temperatures, with larger coupling strength to the baths and at smaller driving
rates. The effect of the asymmetry of the (i) coupled oscillators, (ii)
coupling strength to the baths at equal temperature and (iii) temperature at
equal coupling strength is discussed.
New Journal of Physics 11/2014; 17(3). DOI:10.1088/1367-2630/17/3/033038 · 3.56 Impact Factor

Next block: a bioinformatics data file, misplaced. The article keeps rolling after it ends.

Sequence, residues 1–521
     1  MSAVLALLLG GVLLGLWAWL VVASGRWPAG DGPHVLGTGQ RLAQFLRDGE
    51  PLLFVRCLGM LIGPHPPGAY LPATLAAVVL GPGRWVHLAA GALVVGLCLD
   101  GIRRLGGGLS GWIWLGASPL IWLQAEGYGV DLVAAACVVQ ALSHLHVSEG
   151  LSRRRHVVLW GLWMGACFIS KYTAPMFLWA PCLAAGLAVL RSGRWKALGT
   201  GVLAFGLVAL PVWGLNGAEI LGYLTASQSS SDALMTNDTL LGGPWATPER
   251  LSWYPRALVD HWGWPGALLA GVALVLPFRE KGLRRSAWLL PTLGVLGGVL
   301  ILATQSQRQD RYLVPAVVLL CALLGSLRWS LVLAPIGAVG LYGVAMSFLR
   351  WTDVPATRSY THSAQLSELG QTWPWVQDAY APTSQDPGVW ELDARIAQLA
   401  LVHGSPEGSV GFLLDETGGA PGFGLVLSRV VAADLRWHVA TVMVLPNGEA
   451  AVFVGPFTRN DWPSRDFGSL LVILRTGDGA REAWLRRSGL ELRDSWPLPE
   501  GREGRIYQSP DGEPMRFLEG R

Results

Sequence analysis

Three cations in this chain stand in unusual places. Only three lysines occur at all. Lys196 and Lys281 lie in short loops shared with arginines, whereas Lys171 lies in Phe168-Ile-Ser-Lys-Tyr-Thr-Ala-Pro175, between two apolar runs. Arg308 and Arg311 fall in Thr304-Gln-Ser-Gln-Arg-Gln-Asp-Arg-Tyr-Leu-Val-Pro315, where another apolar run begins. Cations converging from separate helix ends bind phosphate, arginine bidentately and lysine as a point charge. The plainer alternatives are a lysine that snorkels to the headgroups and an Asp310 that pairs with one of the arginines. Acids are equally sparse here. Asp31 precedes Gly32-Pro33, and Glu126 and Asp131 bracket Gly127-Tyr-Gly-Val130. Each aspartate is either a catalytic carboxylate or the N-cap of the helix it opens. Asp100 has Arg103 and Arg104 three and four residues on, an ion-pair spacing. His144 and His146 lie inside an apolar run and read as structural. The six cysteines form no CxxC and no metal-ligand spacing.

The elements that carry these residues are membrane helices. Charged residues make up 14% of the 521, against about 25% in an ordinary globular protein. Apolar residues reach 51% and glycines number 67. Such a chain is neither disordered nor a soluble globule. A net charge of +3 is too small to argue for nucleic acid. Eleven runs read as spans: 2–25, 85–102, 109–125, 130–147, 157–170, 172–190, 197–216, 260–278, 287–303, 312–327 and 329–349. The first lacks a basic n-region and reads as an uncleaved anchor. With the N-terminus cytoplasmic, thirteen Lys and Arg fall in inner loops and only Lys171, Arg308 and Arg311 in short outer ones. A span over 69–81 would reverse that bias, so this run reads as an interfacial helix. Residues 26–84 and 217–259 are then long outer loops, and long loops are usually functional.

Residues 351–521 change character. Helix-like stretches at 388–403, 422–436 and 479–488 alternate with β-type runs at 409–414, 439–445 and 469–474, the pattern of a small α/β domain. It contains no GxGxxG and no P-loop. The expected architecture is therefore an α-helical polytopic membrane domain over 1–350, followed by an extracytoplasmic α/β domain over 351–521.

[Show abstract][Hide abstract] ABSTRACT: Synchronization is a ubiquitous phenomenon occurring in social, biological, and technological systems when the internal rythms of their constituents are adapted to be in unison as a result of their coupling. This natural tendency towards dynamical consensus has spurred a large body of theoretical and experimental research in recent decades. The Kuramoto model constitutes the most studied and paradigmatic framework in which to study synchronization. In particular, it shows how synchronization appears as a phase transition from a dynamically disordered state at some critical value for the coupling strength between the interacting units. The critical properties of the synchronization transition of this model have been widely studied and many variants of its formulations have been considered to address different physical realizations. However, the Kuramoto model has been studied only within the domain of classical dynamics, thus neglecting its applications for the study of quantum synchronization phenomena. Based on a system-bath approach and within the Feynman path-integral formalism, we derive equations for the Kuramoto model by taking into account the first quantum fluctuations. We also analyze its critical properties, the main result being the derivation of the value for the synchronization onset. This critical coupling increases its value as quantumness increases, as a consequence of the possibility of tunneling that quantum fluctuations provide.